Philadelphia’s storied neighborhood of Society Hill has proven to be the perfect place for urban-renewal research by Francesca Russello Ammon.
In the 1950s, many of the properties in that neighborhood of Philly’s Center City had fallen into disrepair. A few shops filled the first floors of buildings—barbers, five-and-dimes, ice cream, candy, laundromats—with rooms for rent above.
The city’s 1958-1961 redevelopment plans emphasized preservation in its effort to transform the neighborhood, known for centuries-old red-brick row houses and historic landmarks.
A newly launched website based on Ammon’s research, “Preserving Society Hill,” tells the stories of more than 1,500 of those properties through an interactive map that combines architectural details, photographs, and oral histories for each site.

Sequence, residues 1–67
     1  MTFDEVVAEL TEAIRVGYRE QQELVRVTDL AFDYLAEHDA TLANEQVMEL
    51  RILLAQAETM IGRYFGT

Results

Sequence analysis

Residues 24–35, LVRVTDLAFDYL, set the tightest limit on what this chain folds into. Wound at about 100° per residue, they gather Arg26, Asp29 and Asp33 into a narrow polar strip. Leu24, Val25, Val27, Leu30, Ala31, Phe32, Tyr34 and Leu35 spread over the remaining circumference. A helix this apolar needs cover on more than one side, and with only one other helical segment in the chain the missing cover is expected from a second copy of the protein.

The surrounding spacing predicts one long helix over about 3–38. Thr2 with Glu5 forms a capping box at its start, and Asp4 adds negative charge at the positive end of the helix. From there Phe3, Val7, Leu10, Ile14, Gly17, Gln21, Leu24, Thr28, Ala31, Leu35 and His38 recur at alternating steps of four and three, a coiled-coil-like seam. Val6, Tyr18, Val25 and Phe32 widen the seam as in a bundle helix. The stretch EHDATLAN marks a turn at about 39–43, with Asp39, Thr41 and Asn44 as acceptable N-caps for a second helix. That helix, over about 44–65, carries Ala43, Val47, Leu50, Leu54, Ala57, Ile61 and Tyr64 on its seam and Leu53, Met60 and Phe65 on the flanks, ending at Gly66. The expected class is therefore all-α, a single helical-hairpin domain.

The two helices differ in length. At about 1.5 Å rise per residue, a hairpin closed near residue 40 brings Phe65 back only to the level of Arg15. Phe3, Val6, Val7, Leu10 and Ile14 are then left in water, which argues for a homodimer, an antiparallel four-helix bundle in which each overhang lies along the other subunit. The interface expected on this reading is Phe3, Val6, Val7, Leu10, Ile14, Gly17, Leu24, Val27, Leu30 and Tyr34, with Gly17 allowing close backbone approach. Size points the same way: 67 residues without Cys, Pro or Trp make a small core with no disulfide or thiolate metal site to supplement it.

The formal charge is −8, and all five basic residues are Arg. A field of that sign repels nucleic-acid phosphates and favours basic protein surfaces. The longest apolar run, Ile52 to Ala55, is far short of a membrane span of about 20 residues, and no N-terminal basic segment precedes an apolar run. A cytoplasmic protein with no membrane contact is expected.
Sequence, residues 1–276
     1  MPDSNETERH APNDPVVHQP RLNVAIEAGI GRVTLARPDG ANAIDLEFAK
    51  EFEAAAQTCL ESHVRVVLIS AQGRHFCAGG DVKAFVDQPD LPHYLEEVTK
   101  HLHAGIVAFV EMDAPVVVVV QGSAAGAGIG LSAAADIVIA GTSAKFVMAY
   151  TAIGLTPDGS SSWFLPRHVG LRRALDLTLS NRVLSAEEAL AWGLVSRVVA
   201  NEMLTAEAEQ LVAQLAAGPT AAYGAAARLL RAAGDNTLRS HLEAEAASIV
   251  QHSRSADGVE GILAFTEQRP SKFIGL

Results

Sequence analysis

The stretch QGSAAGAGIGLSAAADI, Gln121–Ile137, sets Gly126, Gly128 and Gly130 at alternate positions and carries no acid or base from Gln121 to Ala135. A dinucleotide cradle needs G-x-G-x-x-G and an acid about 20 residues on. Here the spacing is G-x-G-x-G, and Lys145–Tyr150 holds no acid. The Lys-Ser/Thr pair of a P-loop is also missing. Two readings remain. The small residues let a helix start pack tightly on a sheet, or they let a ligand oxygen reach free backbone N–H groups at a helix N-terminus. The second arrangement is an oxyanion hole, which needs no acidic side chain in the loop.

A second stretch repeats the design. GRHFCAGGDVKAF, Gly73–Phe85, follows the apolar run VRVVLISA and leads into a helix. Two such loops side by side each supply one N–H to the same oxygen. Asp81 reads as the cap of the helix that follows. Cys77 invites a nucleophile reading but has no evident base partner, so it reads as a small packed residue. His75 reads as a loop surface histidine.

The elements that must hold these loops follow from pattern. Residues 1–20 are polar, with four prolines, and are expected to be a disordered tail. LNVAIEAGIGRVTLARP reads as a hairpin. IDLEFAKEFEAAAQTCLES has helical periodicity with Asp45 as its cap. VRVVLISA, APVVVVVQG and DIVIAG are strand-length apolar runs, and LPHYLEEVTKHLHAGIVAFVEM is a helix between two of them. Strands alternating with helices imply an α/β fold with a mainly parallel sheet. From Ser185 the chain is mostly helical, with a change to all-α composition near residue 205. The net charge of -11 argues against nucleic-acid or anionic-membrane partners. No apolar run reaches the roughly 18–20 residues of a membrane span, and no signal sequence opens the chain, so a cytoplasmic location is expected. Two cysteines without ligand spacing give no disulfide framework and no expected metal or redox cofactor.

“We are trying to preserve the history of Society Hill, while also studying the neighborhood’s history of preservation,” says Ammon, an assistant professor of city and regional planning at PennDesign, who also teaches in the Graduate Program in Historic Preservation.
Ammon will present her research publicly at the September meeting of the Society Hill Civic Association, which in July gave the City Planning Commission its new master plan proposal for the neighborhood, defined during urban renewal as bordered by Walnut, Lombard, Front, and 8th streets.